Head Lice - Non-Toxic Head Lice Treatment: Tug That Bug

Careful combing is the only safe method of delousing. But it requires patience, diligence, a keen eye—and a sense of humor.

Pediculus humanus caitis, aka the head louse, is a tiny insect that lives on the human scalp, where it feeds on blood and lays eggs on hair. Nits, as the eggs are known, stick to the hair shaft but can be removed by careful combing, the only control method that is kind to human health and the environment.

Begin evicting the unwelcome visitors by combing hair into sections with a wide-tooth comb. Apply hair conditioner to each section and thoroughly comb it through with a fine-toothed nit comb, starting at the scalp and working outward. Examine each section of the scalp carefully and use tweezers to painstakingly remove remaining bugs and eggs.

Even a thorough session will need to be repeated in three days and then again in 10 days to insure that the lice are eradicated. Once away from the scalp and body heat, lice and nits will die in approximately 48 hours.

As for the combs, clean them in hot water and dry them on a towel. Place used towels in a closed bag to wash later.

To kill loose pests, washable items should be cleaned in hot water and dried at high heat.

Items that cannot be laundered can be deloused if stored in plastic bags for a few days. Upholstered furniture, carpets and rugs should be vacuumed.

Home insecticides are dangerous and unnecessary: Do Not Spray! Anyone can become infested with head lice, but children and people in institutions are most susceptible. As a preventative measure, children should be taught to avoid direct head-to-head contact or sharing hats and brushes when away from home.

Common methods for treating head lice infestations include the use of insecticides such as Kwell, NIX, and RID. Head lice continue to develop a resistance to the active ingredients of these trade pediculocides. The National Pediculosis Association averages 50 calls a day from parents and health professionals reporting product treatment failures. Lindane (Kwell) is an organochlorine insecticide, that has commonly been used to treat head lice over the past 50 years. Use of lindane to treat head lice is not advised for two reasons. As mentioned above head lice is increasingly growing resistant to lindane. Lindane is also very toxic to humans. Lindane has been identified as neurotoxic and carcinogenic. Lindane is a moderately toxic compound via oral exposure. Acute effects may include mental/motor impairment, convulsions, increased respiratory rate and/or failure, and dermatitis.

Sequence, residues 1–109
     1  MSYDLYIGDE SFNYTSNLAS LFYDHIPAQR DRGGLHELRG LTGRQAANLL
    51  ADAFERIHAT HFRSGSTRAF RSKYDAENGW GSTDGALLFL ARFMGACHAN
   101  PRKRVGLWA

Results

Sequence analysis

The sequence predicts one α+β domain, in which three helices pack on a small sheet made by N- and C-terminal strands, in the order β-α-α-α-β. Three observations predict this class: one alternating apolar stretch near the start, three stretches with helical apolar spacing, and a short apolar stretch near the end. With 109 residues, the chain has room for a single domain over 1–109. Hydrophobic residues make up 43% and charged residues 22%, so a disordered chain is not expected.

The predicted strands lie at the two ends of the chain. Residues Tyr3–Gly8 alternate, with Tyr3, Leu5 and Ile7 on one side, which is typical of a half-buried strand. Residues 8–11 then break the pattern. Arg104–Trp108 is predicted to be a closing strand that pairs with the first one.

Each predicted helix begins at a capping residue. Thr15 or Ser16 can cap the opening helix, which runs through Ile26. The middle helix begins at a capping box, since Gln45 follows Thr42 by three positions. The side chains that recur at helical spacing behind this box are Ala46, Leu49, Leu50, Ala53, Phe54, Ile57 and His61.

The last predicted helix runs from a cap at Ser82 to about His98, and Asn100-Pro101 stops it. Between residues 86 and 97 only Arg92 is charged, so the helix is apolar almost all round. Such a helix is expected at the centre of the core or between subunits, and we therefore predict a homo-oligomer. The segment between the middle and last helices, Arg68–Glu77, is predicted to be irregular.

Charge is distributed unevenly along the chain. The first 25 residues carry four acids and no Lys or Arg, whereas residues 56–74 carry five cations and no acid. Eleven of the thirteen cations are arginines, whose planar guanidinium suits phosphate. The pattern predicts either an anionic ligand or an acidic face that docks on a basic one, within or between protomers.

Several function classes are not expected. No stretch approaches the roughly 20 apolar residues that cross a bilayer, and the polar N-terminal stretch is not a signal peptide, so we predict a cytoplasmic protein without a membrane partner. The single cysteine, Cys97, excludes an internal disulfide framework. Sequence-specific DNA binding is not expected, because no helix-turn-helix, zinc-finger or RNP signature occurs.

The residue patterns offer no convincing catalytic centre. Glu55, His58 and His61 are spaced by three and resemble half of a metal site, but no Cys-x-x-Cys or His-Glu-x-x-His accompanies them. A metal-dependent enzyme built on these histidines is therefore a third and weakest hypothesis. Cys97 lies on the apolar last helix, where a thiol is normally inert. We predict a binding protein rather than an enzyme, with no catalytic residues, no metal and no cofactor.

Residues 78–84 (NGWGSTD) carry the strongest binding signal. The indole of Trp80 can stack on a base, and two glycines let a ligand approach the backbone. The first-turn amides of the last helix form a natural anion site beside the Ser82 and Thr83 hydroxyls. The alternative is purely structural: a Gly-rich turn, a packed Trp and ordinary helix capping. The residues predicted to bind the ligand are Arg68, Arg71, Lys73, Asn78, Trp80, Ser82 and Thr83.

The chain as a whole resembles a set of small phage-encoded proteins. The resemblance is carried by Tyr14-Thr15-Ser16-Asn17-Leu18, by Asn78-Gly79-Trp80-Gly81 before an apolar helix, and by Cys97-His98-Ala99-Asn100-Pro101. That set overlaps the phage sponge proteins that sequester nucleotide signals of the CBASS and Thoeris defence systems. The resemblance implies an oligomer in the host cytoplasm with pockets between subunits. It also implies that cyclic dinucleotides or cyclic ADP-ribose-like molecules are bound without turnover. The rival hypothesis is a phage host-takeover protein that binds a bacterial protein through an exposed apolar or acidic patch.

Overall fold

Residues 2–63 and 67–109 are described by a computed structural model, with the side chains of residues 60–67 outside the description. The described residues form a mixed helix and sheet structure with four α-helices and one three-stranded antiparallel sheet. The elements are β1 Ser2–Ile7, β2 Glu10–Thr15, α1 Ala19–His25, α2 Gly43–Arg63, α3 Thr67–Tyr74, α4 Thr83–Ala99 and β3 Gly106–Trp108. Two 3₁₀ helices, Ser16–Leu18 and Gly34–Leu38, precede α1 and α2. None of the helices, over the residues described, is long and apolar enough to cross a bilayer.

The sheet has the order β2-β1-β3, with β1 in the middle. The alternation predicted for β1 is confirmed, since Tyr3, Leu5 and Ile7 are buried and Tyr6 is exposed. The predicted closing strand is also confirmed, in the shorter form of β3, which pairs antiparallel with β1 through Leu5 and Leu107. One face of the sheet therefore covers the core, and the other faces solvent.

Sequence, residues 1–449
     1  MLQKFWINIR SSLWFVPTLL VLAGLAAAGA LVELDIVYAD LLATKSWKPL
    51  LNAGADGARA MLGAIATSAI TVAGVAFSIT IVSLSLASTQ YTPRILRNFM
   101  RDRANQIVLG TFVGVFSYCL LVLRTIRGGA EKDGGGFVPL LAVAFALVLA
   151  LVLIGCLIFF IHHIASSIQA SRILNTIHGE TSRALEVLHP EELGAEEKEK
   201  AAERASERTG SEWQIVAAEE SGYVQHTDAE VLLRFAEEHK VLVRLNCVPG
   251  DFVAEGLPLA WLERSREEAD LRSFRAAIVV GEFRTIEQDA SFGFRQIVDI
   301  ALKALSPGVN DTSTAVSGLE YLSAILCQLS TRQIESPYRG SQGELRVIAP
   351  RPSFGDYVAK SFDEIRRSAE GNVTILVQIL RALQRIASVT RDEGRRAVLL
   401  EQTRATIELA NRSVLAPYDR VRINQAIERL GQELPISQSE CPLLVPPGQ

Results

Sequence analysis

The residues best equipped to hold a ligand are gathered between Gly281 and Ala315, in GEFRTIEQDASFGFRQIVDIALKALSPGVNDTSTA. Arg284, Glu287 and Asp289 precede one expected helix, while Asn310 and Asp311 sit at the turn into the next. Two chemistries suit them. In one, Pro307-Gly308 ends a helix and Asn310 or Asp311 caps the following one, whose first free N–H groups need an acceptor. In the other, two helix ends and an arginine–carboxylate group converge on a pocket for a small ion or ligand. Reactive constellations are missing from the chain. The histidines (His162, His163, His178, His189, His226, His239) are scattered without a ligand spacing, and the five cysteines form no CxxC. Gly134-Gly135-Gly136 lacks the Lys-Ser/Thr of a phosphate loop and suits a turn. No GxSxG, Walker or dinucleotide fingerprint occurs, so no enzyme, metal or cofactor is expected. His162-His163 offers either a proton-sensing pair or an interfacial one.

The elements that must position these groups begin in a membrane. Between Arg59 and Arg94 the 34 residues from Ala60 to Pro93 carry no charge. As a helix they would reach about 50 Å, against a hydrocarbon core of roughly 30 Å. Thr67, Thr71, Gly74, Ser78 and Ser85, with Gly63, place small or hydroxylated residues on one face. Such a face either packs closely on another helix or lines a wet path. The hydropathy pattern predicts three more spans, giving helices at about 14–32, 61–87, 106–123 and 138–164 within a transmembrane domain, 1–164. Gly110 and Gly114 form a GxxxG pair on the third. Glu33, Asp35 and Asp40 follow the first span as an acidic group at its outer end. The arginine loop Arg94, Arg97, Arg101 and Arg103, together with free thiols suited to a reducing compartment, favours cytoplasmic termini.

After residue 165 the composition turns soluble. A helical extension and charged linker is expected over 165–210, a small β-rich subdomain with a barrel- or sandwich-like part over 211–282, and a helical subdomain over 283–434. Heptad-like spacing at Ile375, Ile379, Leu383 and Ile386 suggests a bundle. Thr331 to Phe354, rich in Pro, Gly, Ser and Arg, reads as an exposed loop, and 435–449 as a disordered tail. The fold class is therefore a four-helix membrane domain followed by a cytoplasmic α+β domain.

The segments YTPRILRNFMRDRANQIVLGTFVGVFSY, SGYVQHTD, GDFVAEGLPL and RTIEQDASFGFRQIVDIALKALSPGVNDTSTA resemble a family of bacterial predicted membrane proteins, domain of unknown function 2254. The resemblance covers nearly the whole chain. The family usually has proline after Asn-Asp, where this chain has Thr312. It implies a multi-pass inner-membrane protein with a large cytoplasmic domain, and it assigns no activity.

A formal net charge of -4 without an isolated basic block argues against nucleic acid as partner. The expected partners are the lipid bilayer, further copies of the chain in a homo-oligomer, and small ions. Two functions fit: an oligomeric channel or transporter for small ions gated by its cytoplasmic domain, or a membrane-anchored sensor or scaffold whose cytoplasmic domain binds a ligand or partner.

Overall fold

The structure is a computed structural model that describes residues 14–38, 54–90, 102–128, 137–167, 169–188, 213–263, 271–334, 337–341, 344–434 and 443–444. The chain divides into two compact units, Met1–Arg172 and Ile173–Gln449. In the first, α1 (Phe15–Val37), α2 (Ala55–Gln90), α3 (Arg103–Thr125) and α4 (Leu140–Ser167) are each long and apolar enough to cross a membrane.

Head lice have also developed a resistance to products such as Clear containing a pyrethin insecticide, and to Nix and Rid which contain permethrin, a pyrethroid insecticide. Pyrethrins, and pyrethroids are insecticides thought of as a less-toxic alternative to lindane. Pyrethrins are a naturally derived compound from a variety of chrysanthemum, and are generally regarded as safe. Pyrethroids are synthetic pesticides, having a chemical formula similar to pyrethrins. Head lice have grown resistant both to pyrethrin, and pyrethoid insecticides.

With a growing resistance to many chemical formulations, it is becoming more difficult to treat head lice using insecticides. The Food and Drug Administration recently approved the use of malathion for treatment of head lice as of April 1999, under the trade name Ovide. Malathion is an organophosphate insecticide which poisons humans and insects in a similar fashion by effecting the central nervous system. Malathion inactivates the nerve enzyme acetylcholinesterase. Symptoms of acute exposure to malathion may include the following, numbness, tingling sensations, headache, nausea, blurred vision, sweating, and difficulty breathing. These effects depend on product purity and route of exposure.

If an individual has attempted to use a product containing one of these insecticides and it has shown to be ineffective, do not reapply or try to find a stronger dosage. These chemicals are highly toxic and will not work due to the resistance attained by the head lice. Lice should die within 10 to 30 minutes after treatment of pyrethrin or permethrin.

Head lice are exclusively external parasites to humans, they have not been known to thrive on other mammals. Each female produces about 68 eggs in a 24 hour period, and can produce up to 50 to 300 eggs total. Eggs hatch within 7 to 11 days. Developing lice take 8 to 9 days to become an adult, after an additional day females can begin to lay eggs. Adult head lice live 9 to 10 days therefore the total life span is at least 25 days.


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